Pattern formation in plant development: four vignettes
In their development, plants precisely control the patterns of cell size, cell shape and cell division, the position of differentiation of cell types, and the position and number of organs. In the past year, progress has been made in understanding four of these five levels of control of plant pattern formation, including specification of cell fate by cell size in the alga Volvox carteri, genetic control of cell shape in the leaf hairs of the flowering plant Arabidopsis thaliana, precise control of cell division and cellular enlargement in Arabidopsis root meristems, and control of cell number in meristems of Arabidopsis, tobacco, and maize. These examples indicate that both the fate and shape of differentiated plant cells can be determined by the size of their undifferentiated precursors, and that the primary effect of mutations that alter cell fate and cellular shape can be on cell size. Furthermore, specific genes have been found that are necessary for normal patterns and numbers of cell divisions. Molecular cloning of these genes is revealing the molecular basis of plant cell division control.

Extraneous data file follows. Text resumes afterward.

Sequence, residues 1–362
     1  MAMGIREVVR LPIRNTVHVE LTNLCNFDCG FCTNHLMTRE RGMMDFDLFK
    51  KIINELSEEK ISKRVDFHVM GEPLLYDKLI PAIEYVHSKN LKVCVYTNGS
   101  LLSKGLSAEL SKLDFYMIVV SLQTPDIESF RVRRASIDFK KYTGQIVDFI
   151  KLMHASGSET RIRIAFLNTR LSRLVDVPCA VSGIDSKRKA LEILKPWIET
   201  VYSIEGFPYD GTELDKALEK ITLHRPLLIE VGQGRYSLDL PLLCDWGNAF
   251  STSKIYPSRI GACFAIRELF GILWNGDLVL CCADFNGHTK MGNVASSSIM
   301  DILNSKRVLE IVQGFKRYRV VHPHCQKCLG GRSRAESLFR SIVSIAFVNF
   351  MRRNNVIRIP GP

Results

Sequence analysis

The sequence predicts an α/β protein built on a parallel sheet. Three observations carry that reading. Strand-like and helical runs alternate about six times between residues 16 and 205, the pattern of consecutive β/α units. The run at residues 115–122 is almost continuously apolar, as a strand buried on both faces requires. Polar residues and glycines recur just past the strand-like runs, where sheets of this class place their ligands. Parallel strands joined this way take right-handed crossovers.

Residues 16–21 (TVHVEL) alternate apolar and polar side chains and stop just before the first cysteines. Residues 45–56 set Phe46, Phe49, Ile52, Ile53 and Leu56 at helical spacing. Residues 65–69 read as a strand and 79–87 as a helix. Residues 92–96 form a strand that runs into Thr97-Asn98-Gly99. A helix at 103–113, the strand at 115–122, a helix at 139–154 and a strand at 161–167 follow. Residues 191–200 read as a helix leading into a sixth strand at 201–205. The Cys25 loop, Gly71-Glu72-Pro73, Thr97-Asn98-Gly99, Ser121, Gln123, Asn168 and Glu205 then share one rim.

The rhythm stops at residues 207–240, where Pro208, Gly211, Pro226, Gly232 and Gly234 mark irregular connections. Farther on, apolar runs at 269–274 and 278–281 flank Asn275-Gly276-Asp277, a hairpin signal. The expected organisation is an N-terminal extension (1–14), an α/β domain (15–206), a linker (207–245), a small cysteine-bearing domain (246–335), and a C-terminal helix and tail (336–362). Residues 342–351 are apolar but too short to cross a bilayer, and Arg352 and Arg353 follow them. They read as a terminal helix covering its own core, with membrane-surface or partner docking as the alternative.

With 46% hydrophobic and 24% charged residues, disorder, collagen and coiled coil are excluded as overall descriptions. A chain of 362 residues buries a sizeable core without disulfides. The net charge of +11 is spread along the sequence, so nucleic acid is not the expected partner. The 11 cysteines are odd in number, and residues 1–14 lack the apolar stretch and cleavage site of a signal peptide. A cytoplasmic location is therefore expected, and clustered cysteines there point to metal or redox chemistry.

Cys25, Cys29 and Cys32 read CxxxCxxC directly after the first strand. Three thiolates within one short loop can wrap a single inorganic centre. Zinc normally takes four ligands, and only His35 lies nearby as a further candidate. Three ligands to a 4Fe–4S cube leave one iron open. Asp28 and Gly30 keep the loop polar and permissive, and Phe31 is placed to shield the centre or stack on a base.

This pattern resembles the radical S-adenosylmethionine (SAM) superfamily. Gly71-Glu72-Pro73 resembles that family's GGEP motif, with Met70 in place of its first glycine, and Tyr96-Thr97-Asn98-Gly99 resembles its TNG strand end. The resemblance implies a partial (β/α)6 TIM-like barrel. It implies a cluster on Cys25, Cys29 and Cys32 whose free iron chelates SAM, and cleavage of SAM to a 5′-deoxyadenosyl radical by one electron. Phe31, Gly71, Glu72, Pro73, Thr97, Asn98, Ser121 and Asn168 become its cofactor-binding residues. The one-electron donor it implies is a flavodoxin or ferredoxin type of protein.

© 1994 Current Biology. I thank the members of my laboratory and Andy Ransick for comments on the manuscript, and David Kirk for the photograph shown in Fig. 1. My laboratory's work on flower development in Arabidopsis is supported by the National Science Foundation, the National Institutes of Health, the US Department of Energy, and Zeneca Seeds.